The U.S. Bureau of Labor and Statistics reports that slip-and-fall accidents are among the most common workplace mishaps in the U.S. Making up more than 20% of overall workers’ compensation claims, slip and falls occur when workers fall down on the ground, the workplace floor, steps or stairs, a ramp, a ladder, a platform, a trailer, a loading dock, or a scaffold.
If you’re accidentally injured in a slip and fall in the course of performing your job duties in Charleston, you’re entitled to file a workers’ compensation claim against your employer’s insurer. Because workers’ comp provides no-fault insurance coverage for employees’ work-related accidents, you don’t have to prove negligence on the part of your company. Even if your accident was your own fault, you might still file a claim for your medical bills and two-thirds of your lost wages, as well as disability care and vocational re-training in some circumstances. Your employer may not retaliate against you for filing a claim.
Causes of Workplace Slip-and-Fall Accidents
Slip-and-fall mishaps occur in construction work, factories, office environments, the food-service industry, healthcare facilities, and other settings for a number of reasons:
Dangerous floors and surfaces.
If the floor of your indoor workplace is rough, uneven, cracked, broken, or otherwise damaged, simply walking there can lead to falls and injuries. Even carpeted floors sometimes have loose seams or metal thresholds that can catch the heel or toe of your shoe and cause you to trip. Slopes, potholes, uneven turf, or mud on the ground at your outdoor workplace can make walking there hazardous, as well.
Objects on the floor or ground.
Tools, toolboxes, power cords, building materials, and other items on the ground at an outside worksite or on the floor in a factory can cause employees to trip. Merchandise on the floor or on a pallet in a store or supermarket often trips workers, too. Toys, shoes, backpacks, and other children’s items can be hazardous if left on the floor of a school or daycare center.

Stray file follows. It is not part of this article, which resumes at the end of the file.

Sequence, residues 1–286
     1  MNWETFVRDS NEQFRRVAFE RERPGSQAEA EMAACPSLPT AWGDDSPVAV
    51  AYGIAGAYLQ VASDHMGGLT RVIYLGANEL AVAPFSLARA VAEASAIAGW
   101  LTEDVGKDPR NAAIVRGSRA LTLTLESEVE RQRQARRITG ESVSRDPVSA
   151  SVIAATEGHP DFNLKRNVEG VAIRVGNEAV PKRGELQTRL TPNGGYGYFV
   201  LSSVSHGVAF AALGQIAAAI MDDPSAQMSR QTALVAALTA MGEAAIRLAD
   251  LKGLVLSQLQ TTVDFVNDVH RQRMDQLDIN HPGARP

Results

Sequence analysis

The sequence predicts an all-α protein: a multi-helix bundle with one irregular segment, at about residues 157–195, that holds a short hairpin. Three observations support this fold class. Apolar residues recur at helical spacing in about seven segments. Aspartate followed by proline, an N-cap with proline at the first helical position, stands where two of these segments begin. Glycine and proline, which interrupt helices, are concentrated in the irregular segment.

Ice, snow, or oil in a company parking lot, recently mopped floors in an office, or food and beverage spills in a restaurant can result in reduced traction and cause workers to fall down.
Moving from one level to another.
If you’re climbing stairs, riding on an escalator, or walking on a ramp, you’re at greater risk of falling than you would be on a flat surface. The distance you might fall is also greater if you’ve moved from a lower level to a higher one, so your injuries could be more serious. Even if you’re standing on a ladder, a roof, or a chair and lose your balance, instability, gravity, and the distance between you and the floor or ground put you at risk of severe physical damage.
The injuries you might suffer in a Charleston slip and fall range from minor scrapes, bumps, and bruises to traumatic brain injury (TBI), spinal cord damage, and paralysis. If your injury is minor, your medical bills low, and your days off work few, you can probably pursue your own workers’ comp claim without legal assistance as long as your employer agrees that your accident was work-related.
If, however, you’ve suffered a serious injury leading to high medical bills, extended time off work, or possible long-term disability, your employer’s insurer might find ways to dispute your claim in order to save money. In such a case, an experienced workers’ comp lawyer can help you seek the benefits you need and deserve while you focus on your recovery.